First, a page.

• Download the G7 Silkworm font and unzip the file somewhere on your computer. This font isn’t exactly the same as the one used in the original Lode Runner game, but it’s pretty close. If there’s another font you’d rather use, go for it. And if you find a font that’s closer to the Lode Runner font, please let me know in the comments.
  • Create a new folder in your Assets folder named Fonts, locate the silkworm.TTF font on your hard drive and then copy it into the Assets/Fonts folder.
  • In Unity, select the silkworm font in your Project’s Fonts folder and then in the Inspector set the Font Size to 26.

Adding The Score Text:

  • Drag the silkworm font from the Fonts folder in the Project panel and drop it into the Hierarchy. This will automatically create a new GUI Text object in the Hierarchy using the silkworm font.
  • Rename the object to “Score Label
  • In the Text field under GUIText in the Inspector, type “SCORE” in all caps without the quotes. The Silkworm font only has uppercase letters so don’t try to use lowercase letters.
  • When you add a font to the scene, the X and Y position are automatically set to X 0.5 and Y 0.5, but we’re going to set the position of our fonts using the Pixel Offset so reset the X and Y Position to 0.
  • Change Pixel Offset X to 16 and Pixel Offset Y to 592. This should position the SCORE text to the upper left hand corner of the Game view (note you won’t see the text in the Scene view so look at the Game view to help position the text).

We also want to keep the scene nicely organized and make it a little easier to hook up the interface objects to the Scoring script later on. You’re going to make the Score Label object a child of the Scripts object and then you’ll duplicate each of the other text objects from this one in order to save a few of the setup steps.

  • Select the Score Label object in the Hierarchy and then drag and drop it onto the Scripts object in the Hierarchy so that it becomes a child of the Scripts object.
  • Expand the little arrow next to the Scripts object, select Score Label object and then duplicate it.
  • Rename the new text object to “Score Value“.
  • Change the Text to 0000000 (7 zeroes).
  • Change the Pixel Offset X to 150 and leave the Y set to 592.

Adding The Lives Text:

  • Select either the Score Label or the Score Value text object and duplicate it.
  • Rename the new text object to “Lives Label
  • Change the Text to LIVES.
  • Change the Pixel Offset X to 348 and leave Y set to 592.
  • Duplicate Lives Label object and rename it to “Lives Value“.
  • Change the Text to 000 (3 zeroes).
  • Change the Pixel Offset X to 480 and leave Y set to 592.

Adding The Level Text:

  • Select one of the other text objects you already created and duplicate it.
  • Rename the new text object to “Level Label
  • Change the Text to LEVEL.
  • Change the Pixel Offset X to 576 and leave Y set to 592.
  • Duplicate Level Label and rename the new object to “Level Value
  • Change the Text to 000 (3 zeroes).
  • Change the Pixel Offset X to 710 and leave Y set to 592.

Hooking Up The Scripts:

Now we need to connect the interface text objects to the Scoring script.

  • Select the Scripts object in the Hierarchy. Under the Scoring script in the Inspector, you’ll see slots for each of the GUIText objects we just created.
  • Select each of the text objects from the Hierarchy and drag and drop them into the corresponding slot on the Scoring script. For example, drag Level Label and drop it on to the Level Label Text field.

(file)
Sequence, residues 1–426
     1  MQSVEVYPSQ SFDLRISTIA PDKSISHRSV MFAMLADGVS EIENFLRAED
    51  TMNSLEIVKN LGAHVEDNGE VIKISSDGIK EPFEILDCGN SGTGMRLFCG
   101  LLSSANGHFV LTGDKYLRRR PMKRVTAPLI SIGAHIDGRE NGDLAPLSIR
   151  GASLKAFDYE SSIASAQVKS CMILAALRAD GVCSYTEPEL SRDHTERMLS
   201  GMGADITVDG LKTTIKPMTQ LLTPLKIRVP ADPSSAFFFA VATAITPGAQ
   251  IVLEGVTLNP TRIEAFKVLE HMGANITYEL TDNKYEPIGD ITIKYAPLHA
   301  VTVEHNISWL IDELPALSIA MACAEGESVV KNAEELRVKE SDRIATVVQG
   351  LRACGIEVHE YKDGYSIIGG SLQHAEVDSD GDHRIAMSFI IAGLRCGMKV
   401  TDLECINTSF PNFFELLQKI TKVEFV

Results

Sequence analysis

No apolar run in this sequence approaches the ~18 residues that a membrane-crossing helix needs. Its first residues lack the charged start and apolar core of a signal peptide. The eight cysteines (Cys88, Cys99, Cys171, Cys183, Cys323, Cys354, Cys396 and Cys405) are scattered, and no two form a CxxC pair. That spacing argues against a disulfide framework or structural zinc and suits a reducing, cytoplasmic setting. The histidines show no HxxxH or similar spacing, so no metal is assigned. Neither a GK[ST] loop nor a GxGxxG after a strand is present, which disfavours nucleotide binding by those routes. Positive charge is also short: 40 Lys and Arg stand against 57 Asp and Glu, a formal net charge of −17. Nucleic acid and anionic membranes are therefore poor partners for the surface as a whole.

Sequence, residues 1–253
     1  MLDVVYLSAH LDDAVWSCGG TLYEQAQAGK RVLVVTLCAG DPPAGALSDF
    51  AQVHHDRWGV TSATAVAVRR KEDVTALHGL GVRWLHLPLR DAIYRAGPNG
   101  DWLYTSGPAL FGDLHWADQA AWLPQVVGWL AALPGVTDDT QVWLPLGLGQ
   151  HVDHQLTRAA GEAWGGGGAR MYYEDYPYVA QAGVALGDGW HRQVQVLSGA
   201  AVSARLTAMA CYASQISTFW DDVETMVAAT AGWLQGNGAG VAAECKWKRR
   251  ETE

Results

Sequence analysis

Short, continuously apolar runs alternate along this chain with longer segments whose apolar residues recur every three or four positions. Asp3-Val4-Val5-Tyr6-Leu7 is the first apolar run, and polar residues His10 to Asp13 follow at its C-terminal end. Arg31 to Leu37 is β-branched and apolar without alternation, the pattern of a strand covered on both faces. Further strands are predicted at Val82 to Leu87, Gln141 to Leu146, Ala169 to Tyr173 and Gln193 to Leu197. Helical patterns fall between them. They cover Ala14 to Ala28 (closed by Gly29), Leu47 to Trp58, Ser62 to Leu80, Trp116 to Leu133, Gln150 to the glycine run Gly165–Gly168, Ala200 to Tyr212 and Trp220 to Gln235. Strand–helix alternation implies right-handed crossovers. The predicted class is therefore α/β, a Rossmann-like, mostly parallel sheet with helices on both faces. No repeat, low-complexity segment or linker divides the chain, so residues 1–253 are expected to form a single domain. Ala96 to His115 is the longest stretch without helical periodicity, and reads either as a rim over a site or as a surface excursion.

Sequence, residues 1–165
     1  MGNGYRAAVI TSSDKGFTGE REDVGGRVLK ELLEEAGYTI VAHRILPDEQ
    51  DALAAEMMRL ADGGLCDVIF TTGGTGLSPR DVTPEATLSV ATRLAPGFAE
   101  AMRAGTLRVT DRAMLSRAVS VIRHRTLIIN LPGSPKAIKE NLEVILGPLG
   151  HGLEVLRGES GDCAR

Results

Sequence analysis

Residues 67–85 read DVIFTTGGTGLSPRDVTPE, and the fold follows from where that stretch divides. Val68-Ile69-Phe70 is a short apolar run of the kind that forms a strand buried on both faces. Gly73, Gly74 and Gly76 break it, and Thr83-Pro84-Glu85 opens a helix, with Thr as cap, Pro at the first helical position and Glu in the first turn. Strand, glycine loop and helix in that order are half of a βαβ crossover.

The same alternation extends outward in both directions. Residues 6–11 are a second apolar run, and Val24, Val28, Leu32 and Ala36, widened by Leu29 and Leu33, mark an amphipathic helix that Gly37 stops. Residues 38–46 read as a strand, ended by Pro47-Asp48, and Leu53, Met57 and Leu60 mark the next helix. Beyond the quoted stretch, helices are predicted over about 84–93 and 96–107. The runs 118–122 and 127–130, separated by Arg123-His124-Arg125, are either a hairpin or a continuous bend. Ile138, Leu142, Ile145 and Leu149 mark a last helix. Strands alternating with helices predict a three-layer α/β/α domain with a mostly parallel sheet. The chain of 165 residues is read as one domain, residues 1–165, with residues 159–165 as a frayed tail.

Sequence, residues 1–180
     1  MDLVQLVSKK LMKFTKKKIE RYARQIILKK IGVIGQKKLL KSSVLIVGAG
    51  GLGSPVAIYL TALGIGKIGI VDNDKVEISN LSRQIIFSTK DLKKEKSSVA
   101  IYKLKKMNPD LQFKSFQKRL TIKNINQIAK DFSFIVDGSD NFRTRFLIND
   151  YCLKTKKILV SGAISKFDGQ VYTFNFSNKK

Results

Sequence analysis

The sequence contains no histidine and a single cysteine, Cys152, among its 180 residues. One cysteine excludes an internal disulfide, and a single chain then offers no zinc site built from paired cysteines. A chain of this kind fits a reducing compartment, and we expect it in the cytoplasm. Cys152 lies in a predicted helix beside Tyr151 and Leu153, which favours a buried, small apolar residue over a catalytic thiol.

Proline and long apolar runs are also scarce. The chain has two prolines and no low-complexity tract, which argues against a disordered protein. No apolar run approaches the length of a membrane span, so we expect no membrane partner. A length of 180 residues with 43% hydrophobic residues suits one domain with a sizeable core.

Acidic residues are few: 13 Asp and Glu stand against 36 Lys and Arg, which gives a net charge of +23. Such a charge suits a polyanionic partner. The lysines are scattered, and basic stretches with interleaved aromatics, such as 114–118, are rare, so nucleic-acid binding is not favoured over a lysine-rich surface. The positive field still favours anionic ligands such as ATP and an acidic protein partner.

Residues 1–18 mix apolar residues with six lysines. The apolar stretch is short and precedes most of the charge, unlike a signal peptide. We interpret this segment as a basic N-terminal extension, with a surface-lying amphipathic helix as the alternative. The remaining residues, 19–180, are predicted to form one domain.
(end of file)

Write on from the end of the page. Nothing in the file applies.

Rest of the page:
Once all of the text objects are connected to the Scoring script, press Play in Unity. You should see the SCORE, LIVES and LEVEL text turn to a red color that matches the border color and the number of lives should change to 005 and the level number should change to 001.

Now if you run the character over a pickup object in the game, the Score should increase by 250.

Make The Top Border

To help keep the interface text separate from the gameplay area, we’re going to add a thin border just under the interface text.

  • Create a new cube by going to Game Object –> Create Other –> Cube
  • Rename the object to “border top“.
  • Set the Transform Position X to 0, Y to 8.7 and Z to 1.
  • Set the Scale X to 26, Y to 0.2 and Z to 1.
  • Find the border material in the Materials folder and then drag and drop it on to the border top object. We created the border material in a previous article.

If you followed all of the steps above, then your Hierarchy and Inspector (with the Scripts object selected) should look the following:

2dGamePt4 Scoring Text

Creating The GLOBAL Prefab

Next we want to do some things to keep the scene nicely organized and also to make it easy to add the key components to any new levels that you create. We’re going to create a GLOBAL prefab that contains the Main Camera, the Scripts (which includes the interface text objects) and the top and bottom borders.

  • Create an empty game object by boing to Object –> Create Empty, zero out the transforms so that it’s at 0,0,0 on the X,Y,Z and then rename the object to “GLOBAL“.
  • Select the Main Camera in the Hierarchy and then drag and drop it onto the GLOBAL object so that the Main Camera becomes a child of GLOBAL.
  • Select the Scripts object in the Hierarchy and drag and drop it onto the GLOBAL object.
  • Select the border bottom and border top objects (make sure they’re not already a child of some other game object first) and drag and drop them onto the GLOBAL object.

That’s everything we need for the GLOBAL object, so now let’s turn it into a prefab that can be easily added to other levels and updated later if we need to make changes.